I began compulsively documenting my experience of chronic illness with a focus on endometriosis in 2019 as a direct response to being diagnosed with via laparoscopy and undergoing misinformed treatment with a gnrh antagonist that interacted with co-morbid autoimmune conditions and left me unable to care for myself. This experience of being left to educate myself about my own health conditions while undergoing immense physical illness pushed me into seeking to understand what was happening to me, as well as to advocate for my own comprehensive medical treatment.
Where the Red Flowers Bloom invites the viewer into my space within my parents' house, where I moved to after requiring additional medical care and losing the ability to care for myself independently. These images are a documentation of my diagnosis of endometriosis, expert excision surgery, and the additional diagnosis of endometrial hyperplasia which lead to the loss of my uterus in 2020 at the age of 23 (See project Vessel).
Endometriosis is a systemic inflammatory disease where tissue similar to the endometrium (lining of the uterus) grows outside of the uterus. It is commonly found within the pelvic cavity, however extrapelvic endometriosis also occurs. The disease is incredibly painful with symptoms such as heavy bleeding, cramping, abdominal swelling, and infertility. These symptoms can follow the menstrual cycle or occur at any time as endometriosis tissue has hormone receptors that act independently of the uterus.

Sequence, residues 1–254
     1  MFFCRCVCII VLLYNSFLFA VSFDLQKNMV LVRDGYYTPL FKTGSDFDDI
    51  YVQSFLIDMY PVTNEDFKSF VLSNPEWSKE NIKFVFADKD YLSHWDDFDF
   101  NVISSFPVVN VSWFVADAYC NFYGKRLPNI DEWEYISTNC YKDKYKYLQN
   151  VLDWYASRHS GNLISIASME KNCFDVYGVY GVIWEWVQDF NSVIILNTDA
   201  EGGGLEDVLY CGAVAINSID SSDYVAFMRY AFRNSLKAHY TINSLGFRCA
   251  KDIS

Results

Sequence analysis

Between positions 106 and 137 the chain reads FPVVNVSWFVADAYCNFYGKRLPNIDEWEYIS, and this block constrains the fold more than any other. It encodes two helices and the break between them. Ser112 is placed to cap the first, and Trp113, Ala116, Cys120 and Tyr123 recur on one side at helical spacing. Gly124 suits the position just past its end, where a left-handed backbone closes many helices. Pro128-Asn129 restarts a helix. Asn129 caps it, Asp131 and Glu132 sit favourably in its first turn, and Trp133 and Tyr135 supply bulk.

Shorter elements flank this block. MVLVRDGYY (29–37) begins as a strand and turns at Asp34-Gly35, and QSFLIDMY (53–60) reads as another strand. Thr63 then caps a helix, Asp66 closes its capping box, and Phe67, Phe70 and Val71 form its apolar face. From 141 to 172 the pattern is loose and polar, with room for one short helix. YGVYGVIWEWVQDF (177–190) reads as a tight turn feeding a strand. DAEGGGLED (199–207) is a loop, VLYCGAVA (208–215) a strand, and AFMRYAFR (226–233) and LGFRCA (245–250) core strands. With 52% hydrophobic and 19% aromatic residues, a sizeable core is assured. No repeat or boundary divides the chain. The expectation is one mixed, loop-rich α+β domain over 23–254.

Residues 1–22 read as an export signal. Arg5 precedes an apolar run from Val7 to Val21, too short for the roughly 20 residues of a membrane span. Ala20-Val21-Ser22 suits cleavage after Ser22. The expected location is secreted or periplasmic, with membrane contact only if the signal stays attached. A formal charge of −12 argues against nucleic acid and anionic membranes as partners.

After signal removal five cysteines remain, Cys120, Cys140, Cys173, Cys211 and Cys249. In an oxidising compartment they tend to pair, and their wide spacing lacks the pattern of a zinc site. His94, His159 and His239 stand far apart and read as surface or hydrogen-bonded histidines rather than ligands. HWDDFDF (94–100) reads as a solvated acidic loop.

1 in 10 individuals who are born with a uterus experience endometriosis, yet the disease is poorly researched and misinformation is rampant across the medical field about treatment, pathology of the disease, and how it affects patients. Most individuals with endometriosis suffer with the disease for an average of 7 years before a diagnosis, leaving the disease time to destroy reproductive organs, affect pelvic structures, and interfere with the bowel, bladder, and other organ systems. Expert excision surgery remains as the gold standard of treatment as hormone driven therapies do not reduce, remove, or treat endometriosis lesions, yet high costs and few qualified surgeons leave patients unable to acquire adequate treatment for their disease.